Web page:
U.S. Fish & Wildlife Service logo A Unit of the National Wildlife Refuge System
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Blue Ridge
National Wildlife Refuge



Tulare County, CA   
E-mail: Dan_Tappe@fws.gov
Phone Number: 805-644-5185
Visit the Refuge's Web Site:
http://www.fws.gov/refuge/blue_ridge/
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  Overview
Blue Ridge National Wildlife Refuge
Blue Ridge National Wildlife Refuge is part of the cooperatively-managed Blue Ridge Wildlife Habitat Area, an 11,000-acre area set aside as an important roosting area located close to historic nesting and foraging habitat for the California condor.

There are three principal private owners and four public owners: the U.S. Fish and Wildlife Service, the Bureau of Land Management, the USDA Forest Service, and California Department of Fish and Game. This refuge consists of almost 900 acres of coniferous forests dominated by ponderosa pine and incense cedar.


Getting There . . .
Blue Ridge National Wildlife Refuge is administered by the Hopper Mountain National Wildlife Refuge Complex in Ventura, California.

The refuge is located in Tulare County, California, approximately 11 air miles north of the town of Springville. The refuge is closed to public use.


Get Google map and directions to this refuge/WMD from a specified address:

Your full starting address AND town and state OR zip code


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NOTE: When using this feature, you will be leaving the U.S. Fish & Wildlife Service domain. We do not control the content or policies of the site you are about to visit. You should always check site policies before providing personal information or reusing content.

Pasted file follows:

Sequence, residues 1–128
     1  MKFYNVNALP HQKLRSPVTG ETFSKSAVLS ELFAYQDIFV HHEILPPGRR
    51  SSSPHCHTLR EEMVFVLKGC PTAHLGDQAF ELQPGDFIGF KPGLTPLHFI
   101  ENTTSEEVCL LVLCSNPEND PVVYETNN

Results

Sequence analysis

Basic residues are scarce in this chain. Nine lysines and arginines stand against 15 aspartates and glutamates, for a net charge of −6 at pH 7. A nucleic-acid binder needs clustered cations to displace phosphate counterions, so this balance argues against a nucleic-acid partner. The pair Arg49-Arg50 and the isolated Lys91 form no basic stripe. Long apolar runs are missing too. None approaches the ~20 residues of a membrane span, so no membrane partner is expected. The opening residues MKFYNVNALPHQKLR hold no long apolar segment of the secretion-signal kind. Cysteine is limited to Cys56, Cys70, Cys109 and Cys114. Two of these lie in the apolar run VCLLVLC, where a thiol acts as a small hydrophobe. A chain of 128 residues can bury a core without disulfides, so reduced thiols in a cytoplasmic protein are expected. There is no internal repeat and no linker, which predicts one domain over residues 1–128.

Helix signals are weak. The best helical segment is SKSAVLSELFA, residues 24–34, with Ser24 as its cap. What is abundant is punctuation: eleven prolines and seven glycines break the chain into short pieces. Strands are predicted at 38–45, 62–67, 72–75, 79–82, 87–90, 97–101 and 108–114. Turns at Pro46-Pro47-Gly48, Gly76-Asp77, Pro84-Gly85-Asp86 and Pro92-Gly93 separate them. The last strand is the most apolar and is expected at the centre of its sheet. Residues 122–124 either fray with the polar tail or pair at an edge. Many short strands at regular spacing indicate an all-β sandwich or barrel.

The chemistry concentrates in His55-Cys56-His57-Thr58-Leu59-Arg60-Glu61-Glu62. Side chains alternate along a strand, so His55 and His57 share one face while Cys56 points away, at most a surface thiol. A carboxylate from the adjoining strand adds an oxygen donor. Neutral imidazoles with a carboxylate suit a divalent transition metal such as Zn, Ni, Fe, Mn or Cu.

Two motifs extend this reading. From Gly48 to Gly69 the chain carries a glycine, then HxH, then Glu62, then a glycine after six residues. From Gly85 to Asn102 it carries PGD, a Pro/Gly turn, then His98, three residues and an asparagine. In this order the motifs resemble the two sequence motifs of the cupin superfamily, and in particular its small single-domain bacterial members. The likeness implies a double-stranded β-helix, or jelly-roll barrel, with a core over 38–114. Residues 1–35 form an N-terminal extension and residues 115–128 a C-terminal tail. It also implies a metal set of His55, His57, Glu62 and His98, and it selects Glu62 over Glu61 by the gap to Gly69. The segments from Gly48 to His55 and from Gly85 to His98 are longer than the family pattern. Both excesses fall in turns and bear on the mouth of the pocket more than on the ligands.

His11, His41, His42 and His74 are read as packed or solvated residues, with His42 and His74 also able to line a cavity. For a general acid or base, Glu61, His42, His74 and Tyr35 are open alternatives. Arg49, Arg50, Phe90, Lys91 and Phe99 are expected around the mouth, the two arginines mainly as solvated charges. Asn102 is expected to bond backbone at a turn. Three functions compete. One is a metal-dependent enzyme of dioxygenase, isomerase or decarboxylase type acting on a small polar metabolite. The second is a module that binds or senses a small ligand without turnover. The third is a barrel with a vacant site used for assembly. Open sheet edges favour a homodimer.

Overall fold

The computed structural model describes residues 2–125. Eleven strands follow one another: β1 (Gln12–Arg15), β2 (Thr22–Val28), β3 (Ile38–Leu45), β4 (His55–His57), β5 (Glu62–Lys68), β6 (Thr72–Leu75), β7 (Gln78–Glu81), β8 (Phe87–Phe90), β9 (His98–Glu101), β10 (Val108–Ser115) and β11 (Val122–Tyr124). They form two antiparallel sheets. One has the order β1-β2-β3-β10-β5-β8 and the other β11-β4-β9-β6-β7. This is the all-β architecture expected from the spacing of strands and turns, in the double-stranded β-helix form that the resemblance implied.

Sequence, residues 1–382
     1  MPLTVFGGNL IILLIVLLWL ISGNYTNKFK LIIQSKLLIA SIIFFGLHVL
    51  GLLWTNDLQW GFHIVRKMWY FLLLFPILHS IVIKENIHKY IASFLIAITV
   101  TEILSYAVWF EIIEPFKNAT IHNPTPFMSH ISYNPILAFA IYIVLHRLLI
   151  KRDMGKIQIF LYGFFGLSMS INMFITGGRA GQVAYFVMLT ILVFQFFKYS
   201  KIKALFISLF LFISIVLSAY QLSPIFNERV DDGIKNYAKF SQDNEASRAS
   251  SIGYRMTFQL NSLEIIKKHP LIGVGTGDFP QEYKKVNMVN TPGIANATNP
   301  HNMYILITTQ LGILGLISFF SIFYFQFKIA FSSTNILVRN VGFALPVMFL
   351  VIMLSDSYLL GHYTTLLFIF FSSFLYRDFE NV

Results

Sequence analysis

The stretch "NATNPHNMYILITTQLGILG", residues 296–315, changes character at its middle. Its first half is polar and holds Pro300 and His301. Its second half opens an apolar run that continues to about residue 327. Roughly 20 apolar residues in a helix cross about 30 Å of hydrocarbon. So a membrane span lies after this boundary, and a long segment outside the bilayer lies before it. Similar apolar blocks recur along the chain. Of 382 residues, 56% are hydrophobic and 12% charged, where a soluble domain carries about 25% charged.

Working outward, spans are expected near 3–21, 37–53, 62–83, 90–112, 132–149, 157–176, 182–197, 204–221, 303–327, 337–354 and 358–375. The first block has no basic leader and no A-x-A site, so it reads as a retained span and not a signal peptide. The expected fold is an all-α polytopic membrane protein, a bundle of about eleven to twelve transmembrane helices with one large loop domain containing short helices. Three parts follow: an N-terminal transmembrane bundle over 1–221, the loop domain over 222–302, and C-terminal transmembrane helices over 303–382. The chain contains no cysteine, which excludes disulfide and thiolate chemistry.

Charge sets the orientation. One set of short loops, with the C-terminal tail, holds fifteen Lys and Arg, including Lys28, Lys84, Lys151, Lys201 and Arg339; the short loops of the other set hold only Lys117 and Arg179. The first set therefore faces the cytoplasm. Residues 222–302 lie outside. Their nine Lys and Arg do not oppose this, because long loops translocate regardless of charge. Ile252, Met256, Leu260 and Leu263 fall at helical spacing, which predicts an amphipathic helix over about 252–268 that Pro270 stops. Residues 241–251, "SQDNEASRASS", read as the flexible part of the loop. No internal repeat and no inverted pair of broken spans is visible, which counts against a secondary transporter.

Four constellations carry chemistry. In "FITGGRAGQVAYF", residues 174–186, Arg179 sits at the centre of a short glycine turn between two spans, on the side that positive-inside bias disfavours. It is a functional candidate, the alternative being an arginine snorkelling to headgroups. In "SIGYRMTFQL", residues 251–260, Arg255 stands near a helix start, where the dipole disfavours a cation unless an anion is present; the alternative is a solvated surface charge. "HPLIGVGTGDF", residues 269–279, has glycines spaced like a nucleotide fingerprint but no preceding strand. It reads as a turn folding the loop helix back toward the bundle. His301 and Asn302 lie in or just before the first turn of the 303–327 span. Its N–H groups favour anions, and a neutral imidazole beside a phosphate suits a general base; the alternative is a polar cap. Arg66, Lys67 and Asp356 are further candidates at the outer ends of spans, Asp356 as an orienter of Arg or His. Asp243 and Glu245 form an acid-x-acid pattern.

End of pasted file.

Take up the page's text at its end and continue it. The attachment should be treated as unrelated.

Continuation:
These driving directions are provided as a general guide only. No representation is made or warranty given as to their content, road conditions or route usability or expeditiousness. User assumes all risk of use.

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Wildlife and Habitat

Blue Ridge National Wildlife Refuge was established in 1982 to protect critical habitat for the endangered California condor.

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    Note
This refuge is closed to the public.




Recreation and Education Opportunities
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Management Activities
Due to budgets and staffing, no management program is in place at this time. As the California condor returns to its historic habitat, more active management programs may be pursued. Fuel reduction projects to prevent wildfires on the refuge are ongoing.